Jimmie Johnson underlined he wants to delay any decision about his long-term NASCAR future as long as possible, as Hendrick Motorsports announced a sponsor deal covering his car through 2023.
The 44-year-old seven-time Cup champion’s current contract with Hendrick expires at the end of next year.
He has not won a Cup round since June 2017, and this year failed to make the championship playoff field for the first time since that format was introduced.
Johnson’s primary sponsor Ally Financial announced on Friday that it had extended its full-season primary sponsorship of Hendrick’s #48 Chevrolet for three more years beyond its existing deal for next season.
The sponsorship deal remains in place whether Johnson remains as the team’s driver for the entire length of the deal or not.
“I haven’t made any decisions at this point,” said Johnson of his own situation.
“I’m very excited that Ally have signed this extension with Hendrick, I think that speaks for the strength of our sport and the strength of the relationship with Hendrick Motorsports.
“I know everybody would like me to be in the car to 2023 and even past that, but I just haven’t made that decision yet.
“I don’t have a timeline. I personally know that I would like every day that I can before I need to make that decision.
“There’s a lot of things to look at with the Gen 7 car coming [for 2021], with the way our team’s performing and what we’re building.
“I might want to go to 2023. I just don’t know. And I have not put much time and effort into it.
“In years past, talks about a contract renewal would normally start in the spring of the year the contract’s going to end, so based on past experience I would say that spring next year is when I’d really get pressure about whether I’ll return in 2021.”
Johnson said he had pushed for the Ally renewal to be announced regardless of the uncertainty over his plans, even though he knew it might mean questions about his future overshadowed the sponsor news.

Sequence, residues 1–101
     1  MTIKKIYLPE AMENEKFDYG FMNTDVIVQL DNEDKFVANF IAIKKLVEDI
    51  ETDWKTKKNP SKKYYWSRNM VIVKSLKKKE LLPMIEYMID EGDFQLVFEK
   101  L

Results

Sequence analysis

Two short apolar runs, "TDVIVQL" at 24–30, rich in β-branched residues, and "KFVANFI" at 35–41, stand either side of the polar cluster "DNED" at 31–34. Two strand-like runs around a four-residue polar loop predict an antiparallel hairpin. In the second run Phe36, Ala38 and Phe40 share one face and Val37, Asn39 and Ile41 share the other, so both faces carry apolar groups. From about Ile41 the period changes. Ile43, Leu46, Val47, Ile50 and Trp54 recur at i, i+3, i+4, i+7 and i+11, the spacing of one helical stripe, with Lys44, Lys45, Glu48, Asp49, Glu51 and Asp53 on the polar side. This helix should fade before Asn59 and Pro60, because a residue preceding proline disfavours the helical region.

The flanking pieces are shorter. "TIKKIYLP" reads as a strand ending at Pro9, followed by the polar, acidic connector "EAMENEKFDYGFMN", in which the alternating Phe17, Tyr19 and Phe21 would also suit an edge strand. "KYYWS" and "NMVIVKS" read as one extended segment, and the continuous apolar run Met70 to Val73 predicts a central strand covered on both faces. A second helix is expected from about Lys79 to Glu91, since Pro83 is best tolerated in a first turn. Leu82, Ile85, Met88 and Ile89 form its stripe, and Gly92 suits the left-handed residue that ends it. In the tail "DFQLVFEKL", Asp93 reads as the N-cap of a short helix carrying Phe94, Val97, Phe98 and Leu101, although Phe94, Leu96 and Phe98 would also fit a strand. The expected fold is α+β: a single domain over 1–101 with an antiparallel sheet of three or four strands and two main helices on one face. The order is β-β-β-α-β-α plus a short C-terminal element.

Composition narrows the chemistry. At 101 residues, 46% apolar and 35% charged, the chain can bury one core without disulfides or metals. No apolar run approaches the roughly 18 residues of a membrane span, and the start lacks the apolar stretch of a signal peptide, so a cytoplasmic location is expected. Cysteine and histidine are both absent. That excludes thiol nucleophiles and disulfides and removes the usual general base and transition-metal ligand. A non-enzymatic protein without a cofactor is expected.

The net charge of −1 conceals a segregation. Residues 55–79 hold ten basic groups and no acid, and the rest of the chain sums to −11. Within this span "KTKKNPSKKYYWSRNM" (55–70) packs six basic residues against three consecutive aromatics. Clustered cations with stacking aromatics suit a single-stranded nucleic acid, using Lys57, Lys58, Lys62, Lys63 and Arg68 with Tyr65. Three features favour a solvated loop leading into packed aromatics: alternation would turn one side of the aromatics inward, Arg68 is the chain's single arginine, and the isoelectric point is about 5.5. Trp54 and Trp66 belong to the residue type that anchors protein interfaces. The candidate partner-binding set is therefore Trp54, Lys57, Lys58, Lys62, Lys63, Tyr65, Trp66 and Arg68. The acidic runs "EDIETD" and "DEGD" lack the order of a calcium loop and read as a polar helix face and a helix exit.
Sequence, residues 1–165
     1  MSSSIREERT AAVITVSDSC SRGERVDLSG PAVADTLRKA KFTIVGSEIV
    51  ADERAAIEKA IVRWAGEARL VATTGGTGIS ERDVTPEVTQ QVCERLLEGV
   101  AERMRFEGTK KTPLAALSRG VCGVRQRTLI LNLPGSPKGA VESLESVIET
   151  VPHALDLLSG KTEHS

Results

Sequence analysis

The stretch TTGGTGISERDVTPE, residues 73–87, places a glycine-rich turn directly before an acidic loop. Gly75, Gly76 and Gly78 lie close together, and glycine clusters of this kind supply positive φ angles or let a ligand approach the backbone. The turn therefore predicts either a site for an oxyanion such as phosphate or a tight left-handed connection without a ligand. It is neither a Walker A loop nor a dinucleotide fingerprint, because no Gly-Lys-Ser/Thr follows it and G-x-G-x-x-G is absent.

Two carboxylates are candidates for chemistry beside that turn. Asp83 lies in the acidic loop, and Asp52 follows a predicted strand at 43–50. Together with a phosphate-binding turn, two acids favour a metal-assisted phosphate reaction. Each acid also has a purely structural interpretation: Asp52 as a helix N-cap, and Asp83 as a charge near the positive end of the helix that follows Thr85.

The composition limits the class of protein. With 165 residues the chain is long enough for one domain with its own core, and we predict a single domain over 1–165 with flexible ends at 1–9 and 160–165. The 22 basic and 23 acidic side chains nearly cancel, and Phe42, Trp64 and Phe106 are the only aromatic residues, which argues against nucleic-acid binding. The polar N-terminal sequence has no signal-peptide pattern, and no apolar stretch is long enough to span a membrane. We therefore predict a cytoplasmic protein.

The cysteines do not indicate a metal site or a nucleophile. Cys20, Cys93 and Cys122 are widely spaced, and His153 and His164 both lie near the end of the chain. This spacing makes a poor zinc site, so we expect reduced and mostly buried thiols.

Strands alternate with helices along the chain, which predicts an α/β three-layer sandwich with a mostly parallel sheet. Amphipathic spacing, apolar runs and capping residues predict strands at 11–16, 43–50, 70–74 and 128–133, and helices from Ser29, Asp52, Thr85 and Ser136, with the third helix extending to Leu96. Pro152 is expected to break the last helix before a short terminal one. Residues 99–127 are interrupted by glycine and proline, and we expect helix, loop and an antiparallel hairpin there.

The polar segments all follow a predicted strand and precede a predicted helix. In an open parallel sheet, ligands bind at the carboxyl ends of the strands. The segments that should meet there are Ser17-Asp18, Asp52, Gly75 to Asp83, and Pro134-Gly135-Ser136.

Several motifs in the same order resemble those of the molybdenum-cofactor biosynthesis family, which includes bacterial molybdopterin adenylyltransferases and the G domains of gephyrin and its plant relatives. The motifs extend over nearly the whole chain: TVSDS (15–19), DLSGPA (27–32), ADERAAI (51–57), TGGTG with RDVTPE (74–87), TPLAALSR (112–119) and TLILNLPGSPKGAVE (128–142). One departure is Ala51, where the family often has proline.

“I just didn’t want to stand in the way of this great news coming out,” he explained.
“And as this came down the pipeline I knew I would be in a position to answer a lot of questions that would come with it but I just felt like it was such great news and I supported Hendrick and Ally in getting this news out right away.
“I don’t have anything to say at this time and I’m going to take every day that I can from Mr [Rick] Hendrick before I have to make this decision.”
He described his and Hendrick’s deal with Ally as “a true bond – not just a business transaction”, but said if the firm had decided not to continue beyond 2020 it would not necessarily have had any impact on his own plans.
“I sensed that it would extend all along but if we didn’t have a sponsor there could have been pressure from that side, but I never felt it internally,” said Johnson.
Ally replaced Johnson’s long-time main backer Lowe’s for 2019 after the retail company decided to end its 17-year-long deal with Hendrick.
Johnson also parted with Chad Knaus, his crew chief since 2002, at the end of last year, then swiftly made another change when he split with Knaus’s replacement Kevin Meendering five months into this season.
Former race engineer Cliff Daniels was promoted to the role in place of Meendering. Johnson’s form has improved in recent weeks and he has been a top-10 contender in every race of the playoffs.
He had been adamant as he faced not making the championship fight cutoff that his restructured team was finding its feet and only bad luck and race incidents had stopped it proving that with results.
His high points of 2019 so far are a win in the non-championship Clash race at Daytona ahead of the main season beginning, a pole at Texas and third place in the July Daytona event.